It’s Monday 2nd April 2007 and the Bee Eaters camp building

It’s Monday 2nd April 2007 and the Bee Eaters camp building

Well it’s that time of the week again where we entice you with our tales of the magical place that we live. We have two contributors this week….. Robin, & Simon Cousins!

So sit back, scroll down, and enjoy……

Bee Eaters First, Robin: I cast off from the bar at Nkwali after a quick lunch for a night out at Nsefu. A number of large storms were brewing up river and it was with an eye on these storms that we planed up under the Luangwa bridge on the journey north on this inspection and re-supply voyage.

The river now well down and showing the first sand banks. Large trees, many in mid-river upside down with grass and reeds trapped in their roots, resemble people with loads on their heads. The banks bear evidence of the past flood with more fallen trees and in others the river banks are steep due to the erosion which has taken place. In a few of these I was able to creep up slowly to observe white fronted bee eaters camp building (excavating their nesting holes). This is of course camp building time for many of us in the valley.

Tena Tena “operation clean up” is under way with the rooms being scrubbed, the camp being raked, and ideas for a different bar and dining room taking shape.

The lagoon behind the camp is full of water lilies and a number of Puku moving in front of the tents. The night before I arrived, three female lion and a male had walked through camp leaving their pug marks in the raked sand.

River We planed towards Baka baka lagoon and as we swept round two of the bends we thankfully skirted huge thunderstorms on two sides effectively sidestepping both, receiving only gusts of wind and the scent of rain.

Large pods of hippo were clustered in herds along the sandbanks. The approach into Nsefu was dramatic with light rain to our left and right, bright sun shining through and a huge rainbow arched over our heads. Amazingly overhead was blue sky with a rainbow against it, we would call this a monkeys wedding. I am not sure of the history of this phrase but it is well known in this part of the world.

DinnerTable Nsefu in the last light is quite immaculate, all the rooms have been cleaned and grass planting is under way, fences are being ribbed with bamboo prior to having grass fitted. I had asked on the radio for room five to be cleaned out for me and for a wood bed frame to be set inside. A very proud staff had in fact made the bed, fitted a mosquito net, fitted all the shower attachments, the basin and there was water in the taps. A table was set for me outside on the verandah with a hurricane lamp, I was able to supply the corned beef and baked beans to the Nsima which had been prepared. So it was dinner out at Nsefu camp building style.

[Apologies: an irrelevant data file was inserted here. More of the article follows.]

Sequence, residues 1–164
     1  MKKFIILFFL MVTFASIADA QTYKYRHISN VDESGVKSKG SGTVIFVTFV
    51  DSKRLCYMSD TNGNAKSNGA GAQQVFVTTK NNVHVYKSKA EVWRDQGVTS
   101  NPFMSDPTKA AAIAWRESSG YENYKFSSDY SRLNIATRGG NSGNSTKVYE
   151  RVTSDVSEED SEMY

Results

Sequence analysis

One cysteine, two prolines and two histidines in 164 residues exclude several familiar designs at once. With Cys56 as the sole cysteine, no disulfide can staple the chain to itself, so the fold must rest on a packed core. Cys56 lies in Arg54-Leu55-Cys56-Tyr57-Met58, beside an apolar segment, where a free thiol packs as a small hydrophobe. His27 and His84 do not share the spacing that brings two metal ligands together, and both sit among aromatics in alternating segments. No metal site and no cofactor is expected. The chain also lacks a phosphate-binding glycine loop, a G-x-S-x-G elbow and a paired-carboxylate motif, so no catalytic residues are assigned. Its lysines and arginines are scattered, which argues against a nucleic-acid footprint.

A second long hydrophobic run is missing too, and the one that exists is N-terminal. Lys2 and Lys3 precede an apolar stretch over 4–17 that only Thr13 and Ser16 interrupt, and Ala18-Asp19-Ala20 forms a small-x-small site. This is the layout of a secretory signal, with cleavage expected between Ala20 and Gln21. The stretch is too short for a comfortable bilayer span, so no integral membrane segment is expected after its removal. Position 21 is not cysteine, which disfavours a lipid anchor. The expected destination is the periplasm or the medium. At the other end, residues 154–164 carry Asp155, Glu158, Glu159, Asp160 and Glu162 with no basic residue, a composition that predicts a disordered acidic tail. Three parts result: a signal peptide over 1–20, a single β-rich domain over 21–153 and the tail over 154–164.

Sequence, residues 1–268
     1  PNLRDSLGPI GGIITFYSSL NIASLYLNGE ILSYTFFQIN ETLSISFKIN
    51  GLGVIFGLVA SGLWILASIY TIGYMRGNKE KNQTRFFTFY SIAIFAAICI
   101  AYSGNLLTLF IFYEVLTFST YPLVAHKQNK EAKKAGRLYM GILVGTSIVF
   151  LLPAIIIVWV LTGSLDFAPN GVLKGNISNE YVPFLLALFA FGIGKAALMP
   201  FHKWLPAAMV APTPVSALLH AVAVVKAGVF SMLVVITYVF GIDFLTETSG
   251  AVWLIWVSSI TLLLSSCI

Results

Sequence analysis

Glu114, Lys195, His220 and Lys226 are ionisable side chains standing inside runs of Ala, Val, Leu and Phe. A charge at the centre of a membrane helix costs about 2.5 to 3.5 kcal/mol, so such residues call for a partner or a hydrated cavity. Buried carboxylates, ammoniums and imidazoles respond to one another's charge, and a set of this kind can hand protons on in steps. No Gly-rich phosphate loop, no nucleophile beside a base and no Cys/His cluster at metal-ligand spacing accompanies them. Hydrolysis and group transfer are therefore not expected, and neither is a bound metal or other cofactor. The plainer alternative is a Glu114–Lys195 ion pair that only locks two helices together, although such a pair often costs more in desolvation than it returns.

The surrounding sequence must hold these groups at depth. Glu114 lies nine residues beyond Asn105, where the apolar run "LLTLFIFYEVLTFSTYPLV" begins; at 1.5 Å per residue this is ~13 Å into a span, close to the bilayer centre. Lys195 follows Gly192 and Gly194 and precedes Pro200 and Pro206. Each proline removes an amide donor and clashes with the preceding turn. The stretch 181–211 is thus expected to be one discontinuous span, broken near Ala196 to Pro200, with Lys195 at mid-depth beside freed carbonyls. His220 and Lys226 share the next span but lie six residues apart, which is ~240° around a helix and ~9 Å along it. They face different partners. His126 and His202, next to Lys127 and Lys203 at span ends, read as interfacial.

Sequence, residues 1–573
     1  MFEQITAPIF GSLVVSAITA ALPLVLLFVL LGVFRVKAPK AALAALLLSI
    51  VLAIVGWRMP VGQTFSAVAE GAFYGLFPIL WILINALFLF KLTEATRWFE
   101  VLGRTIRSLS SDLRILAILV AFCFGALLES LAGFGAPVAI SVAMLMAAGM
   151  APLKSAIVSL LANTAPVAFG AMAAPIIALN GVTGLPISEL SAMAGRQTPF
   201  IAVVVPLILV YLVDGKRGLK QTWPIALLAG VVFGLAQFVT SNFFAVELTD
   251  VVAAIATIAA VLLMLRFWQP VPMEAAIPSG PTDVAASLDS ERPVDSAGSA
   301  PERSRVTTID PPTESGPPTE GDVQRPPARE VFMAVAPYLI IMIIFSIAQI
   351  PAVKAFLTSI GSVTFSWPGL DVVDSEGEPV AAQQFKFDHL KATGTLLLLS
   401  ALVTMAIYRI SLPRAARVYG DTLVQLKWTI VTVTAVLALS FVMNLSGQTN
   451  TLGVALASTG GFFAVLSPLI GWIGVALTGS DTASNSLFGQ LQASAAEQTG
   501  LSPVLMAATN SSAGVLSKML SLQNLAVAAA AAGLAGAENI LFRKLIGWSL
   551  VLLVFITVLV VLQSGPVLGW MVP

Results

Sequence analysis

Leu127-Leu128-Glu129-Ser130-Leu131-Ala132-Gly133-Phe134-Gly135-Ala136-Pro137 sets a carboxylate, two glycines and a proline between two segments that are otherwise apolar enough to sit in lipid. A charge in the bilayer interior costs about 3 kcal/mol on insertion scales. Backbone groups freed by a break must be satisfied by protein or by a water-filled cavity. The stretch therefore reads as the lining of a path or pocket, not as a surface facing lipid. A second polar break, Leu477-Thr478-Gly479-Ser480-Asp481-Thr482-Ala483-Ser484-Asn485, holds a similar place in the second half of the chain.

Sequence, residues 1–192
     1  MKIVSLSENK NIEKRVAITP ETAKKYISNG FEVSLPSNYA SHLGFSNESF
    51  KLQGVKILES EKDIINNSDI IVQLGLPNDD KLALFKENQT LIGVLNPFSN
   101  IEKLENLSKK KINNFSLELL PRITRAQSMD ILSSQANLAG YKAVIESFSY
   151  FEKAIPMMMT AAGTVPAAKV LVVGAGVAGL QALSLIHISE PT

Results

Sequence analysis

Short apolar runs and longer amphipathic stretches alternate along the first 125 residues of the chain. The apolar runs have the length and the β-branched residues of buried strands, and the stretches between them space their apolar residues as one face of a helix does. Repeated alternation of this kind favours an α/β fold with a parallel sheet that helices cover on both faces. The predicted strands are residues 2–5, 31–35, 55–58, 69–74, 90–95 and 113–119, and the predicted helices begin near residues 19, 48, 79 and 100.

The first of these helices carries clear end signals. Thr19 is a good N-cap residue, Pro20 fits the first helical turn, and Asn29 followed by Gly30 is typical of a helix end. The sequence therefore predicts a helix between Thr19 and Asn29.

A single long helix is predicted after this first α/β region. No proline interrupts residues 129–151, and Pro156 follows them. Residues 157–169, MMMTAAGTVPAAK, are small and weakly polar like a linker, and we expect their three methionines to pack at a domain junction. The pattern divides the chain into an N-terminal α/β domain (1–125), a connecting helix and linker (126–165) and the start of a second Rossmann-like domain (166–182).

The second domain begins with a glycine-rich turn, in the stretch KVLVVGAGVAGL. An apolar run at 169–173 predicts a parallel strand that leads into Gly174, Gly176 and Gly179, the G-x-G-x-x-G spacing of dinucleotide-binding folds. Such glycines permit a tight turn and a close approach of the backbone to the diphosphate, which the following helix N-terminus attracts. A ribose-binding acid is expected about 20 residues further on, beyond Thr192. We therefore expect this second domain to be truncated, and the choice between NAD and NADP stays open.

Baobab Now Simon: Well, it is like I never left!! I thought I would just pop over to the Luangwa from Malawi for a night and catch up with the RPS crew ( a friend was driving over so I took the opportunity to get into the bush again !! ) No sooner had I arrived here than I was asked to help Ozzie Simon with preparation for the up coming guide’s exams. No real hardship as this entailed a drive in the park. We had not been in bush for more than 10 minutes when a radio call came through from Jo TELLING me that I was doing ‘It’s Monday’ and had better get some photos!!

So here I am again – and here are some photos!!!

long tailed whydahswoodland kingfisher

The birding at this time of year is fantastic – the light is extraordinary and lots of species are all dressed up in their fancy dress – brightly coloured birds with long tail plumes are everywhere. The long tailed whydahs are dancing all over the place, displaying and chasing off any competition. The woodland kingfishers are still here – you constantly get flashes of brilliant blue as they dart through the thickets.

male warthogs fightingmale warthogs fighting

The rest of the wildlife was out and about and we saw all the usual suspects, but one of the best sightings was a pair of male warthogs fighting – with a captivated female audience!! The two old boys were so engrossed in their duel that they did not notice the female depart as we arrived and we were treated to a fairly amusing little tussle.

baby jacanacattle egret

Sundown The scene at Lupunga spur was spectacular now that the park is drying out and we were treated to all sorts of wonderful sightings. From baby jacanas darting around on the carpet nile cabbage, following their dad, to cattle egrets following the car hawking insects as we drove though the grass.

The best part of the day was about to arrive – sundowners! The sand rivers that flow into the Luangwa are really beautiful at this time of year with little trickles of water snaking across the sand making for some fantastic photo opportunities – and a lovely place to stand and have a cold beer!!

Well, that is it from me.

Keep well and all the best.

From all of us here at Robin Pope Safaris, have a great week!!!!


This entry was posted in 2007, Uncategorized. Bookmark the permalink. Both comments and trackbacks are currently closed.